Weakland: Oh yes, definitely! A lot of the 25 to 35 year olds we’re seeing a huge increase in the greenhouse especially. They’re the ones who go to the breweries anyway, so we’re seeing that crossover into the greenhouse, which is awesome. They’re all getting into gardening and vegetable gardening, so we can help them.

Our demographic has changed. It was getting to be the older patrons, and so we brought in those younger people.

We have a Hop Harvest event that brings in gardeners and beer drinkers. We cut down our hops and have contests. We harvest the hops by pulling the flower off because we’re so small, so we don’t have machines.

We have a lot of things like, “buy a 12-inch basket or bigger and get a free pint” or “buy a Christmas tree, get a free pint.”

Any classes we have it’s nice because it’s fun to drink a beer while you’re gardening. The cost includes a beer (or root beer if you’re not a drinker).

We do a lot of cross marketing. We also have live music on Friday and Saturday nights the whole year-round, which doesn’t really cross between the two businesses, but we get a lot of people in.

The brewery absolutely provides a reason to heat that big greenhouse, which in our position it’s really difficult to keep money coming in during the winter.

We also grow things in the greenhouse that we use in our beers. Lemon verbena goes into The Golden One, and we cross the businesses that way. We try to utilize farm-to-table ideas.

All the habaneros in our Habanero Honey that we recently released were grown on site. My dad actually grew them.


Fast Fact
Amanda Weakland, owner of The Windsor Gardener and High Hops Brewery, says that edibles (particularly strawberries and raspberries) and beer-related gift items have been the business’ two biggest categories for increased sales.


L&GR: I noticed on your social media channels that you have a lot of engagement on the High Hops page. Have you combined your marketing efforts as well?

Weakland: Our High Hops and Windsor Gardener pages were integrated, so that’s how we have so many followers on the High Hops page. Brewery people are totally Facebook/social media nerds. They are on social media constantly, so that really bumps up the likes and communication for that; whereas I find that the gardeners aren’t so much.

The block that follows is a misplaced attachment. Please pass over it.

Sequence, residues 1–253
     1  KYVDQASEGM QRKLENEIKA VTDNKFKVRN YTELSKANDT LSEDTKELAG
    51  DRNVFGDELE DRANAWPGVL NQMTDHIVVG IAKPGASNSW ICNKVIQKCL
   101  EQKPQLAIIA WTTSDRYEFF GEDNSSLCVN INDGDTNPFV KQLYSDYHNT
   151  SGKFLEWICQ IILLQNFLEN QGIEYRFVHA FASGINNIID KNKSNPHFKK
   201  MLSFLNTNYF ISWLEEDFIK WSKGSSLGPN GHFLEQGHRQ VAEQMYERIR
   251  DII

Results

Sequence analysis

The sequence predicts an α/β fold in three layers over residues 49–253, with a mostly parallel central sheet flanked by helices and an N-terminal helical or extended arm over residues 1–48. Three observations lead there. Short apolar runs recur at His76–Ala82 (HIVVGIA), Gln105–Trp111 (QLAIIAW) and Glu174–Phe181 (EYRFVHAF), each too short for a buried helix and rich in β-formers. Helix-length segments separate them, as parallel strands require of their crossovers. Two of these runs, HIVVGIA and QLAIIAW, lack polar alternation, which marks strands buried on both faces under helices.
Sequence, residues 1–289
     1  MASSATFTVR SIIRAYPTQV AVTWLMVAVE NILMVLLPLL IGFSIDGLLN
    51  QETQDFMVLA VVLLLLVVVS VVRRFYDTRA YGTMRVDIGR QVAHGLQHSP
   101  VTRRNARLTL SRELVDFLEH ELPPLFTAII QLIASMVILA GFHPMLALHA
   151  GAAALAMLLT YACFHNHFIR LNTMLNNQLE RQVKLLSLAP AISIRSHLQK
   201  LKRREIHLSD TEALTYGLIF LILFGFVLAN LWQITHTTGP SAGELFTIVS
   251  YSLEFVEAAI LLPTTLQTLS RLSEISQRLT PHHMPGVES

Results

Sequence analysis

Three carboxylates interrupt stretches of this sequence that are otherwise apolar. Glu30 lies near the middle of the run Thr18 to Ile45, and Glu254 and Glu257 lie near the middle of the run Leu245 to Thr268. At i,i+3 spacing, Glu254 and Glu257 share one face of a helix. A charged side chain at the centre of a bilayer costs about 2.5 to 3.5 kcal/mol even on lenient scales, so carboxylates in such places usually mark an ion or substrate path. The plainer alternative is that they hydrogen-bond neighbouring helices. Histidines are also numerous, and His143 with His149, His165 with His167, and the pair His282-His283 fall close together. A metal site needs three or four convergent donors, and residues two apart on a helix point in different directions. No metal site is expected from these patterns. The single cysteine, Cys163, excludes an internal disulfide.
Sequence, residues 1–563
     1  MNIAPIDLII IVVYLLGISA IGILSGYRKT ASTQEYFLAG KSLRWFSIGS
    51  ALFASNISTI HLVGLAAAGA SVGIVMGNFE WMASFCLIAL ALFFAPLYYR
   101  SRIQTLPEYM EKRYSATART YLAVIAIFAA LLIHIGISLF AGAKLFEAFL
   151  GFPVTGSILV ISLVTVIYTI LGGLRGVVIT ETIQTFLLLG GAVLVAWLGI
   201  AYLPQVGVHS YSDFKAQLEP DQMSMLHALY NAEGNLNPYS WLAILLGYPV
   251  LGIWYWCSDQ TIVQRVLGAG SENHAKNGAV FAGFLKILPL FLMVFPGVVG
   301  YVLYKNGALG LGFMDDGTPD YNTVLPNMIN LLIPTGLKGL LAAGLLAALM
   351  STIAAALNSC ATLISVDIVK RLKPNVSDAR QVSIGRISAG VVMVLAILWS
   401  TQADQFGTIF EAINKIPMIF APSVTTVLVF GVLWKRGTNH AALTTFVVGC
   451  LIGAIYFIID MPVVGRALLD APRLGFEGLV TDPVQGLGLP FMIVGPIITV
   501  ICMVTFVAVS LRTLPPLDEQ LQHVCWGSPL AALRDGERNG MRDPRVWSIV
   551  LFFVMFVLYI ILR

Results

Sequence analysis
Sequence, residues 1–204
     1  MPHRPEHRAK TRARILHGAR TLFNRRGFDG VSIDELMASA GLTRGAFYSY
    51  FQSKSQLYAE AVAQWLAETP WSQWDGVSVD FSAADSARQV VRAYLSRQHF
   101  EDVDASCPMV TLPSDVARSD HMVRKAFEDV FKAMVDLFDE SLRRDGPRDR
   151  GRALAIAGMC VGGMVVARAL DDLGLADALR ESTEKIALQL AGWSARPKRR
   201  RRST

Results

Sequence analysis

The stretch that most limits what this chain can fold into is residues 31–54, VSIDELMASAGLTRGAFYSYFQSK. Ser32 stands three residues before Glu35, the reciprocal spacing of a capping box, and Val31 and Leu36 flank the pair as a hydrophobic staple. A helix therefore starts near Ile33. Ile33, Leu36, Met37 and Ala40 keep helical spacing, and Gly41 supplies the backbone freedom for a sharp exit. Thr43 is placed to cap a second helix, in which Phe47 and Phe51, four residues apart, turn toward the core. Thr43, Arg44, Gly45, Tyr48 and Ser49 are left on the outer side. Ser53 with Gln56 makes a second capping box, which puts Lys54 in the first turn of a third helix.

That’s that demographic difference too, so we actually utilize our garden center Facebook through the High Hops page, and we get tons of feedback on that. That’s another way we integrate both.

We have a huge email base from our loyalty system through our greenhouse, and they usually give us their email, so we have a biweekly email for the garden center in the off seasons (it’s weekly during season), and we have a weekly email through the brewery.

I think we have about 9,000 emails, so that’s a huge marketing tool that we have which actually started with the greenhouse. That’s been huge for us. We try to keep our emails short and to the point. You get tons of emails so we do what’s happening or what you should do now in your yard, ad we’ve gotten a great response on that. That’s our most successful. It really is.

It’s a big family affair. My son is our head brewer. My husband and I have been in the business for forever. My daughter is a teacher but works in the greenhouse in the summer. My daughter-in-law works in the tasting room, which we call the Hop Hut because we’re High Hops.

Our businesses are also really closely integrated in that many of our employees work in both places, so we help out each other. They are very integrated, literally in the same space.



Abby Kleckler

Abby is the managing editor of Lawn & Garden Retailer. Contact her at akleckler@greatamericanpublish.com.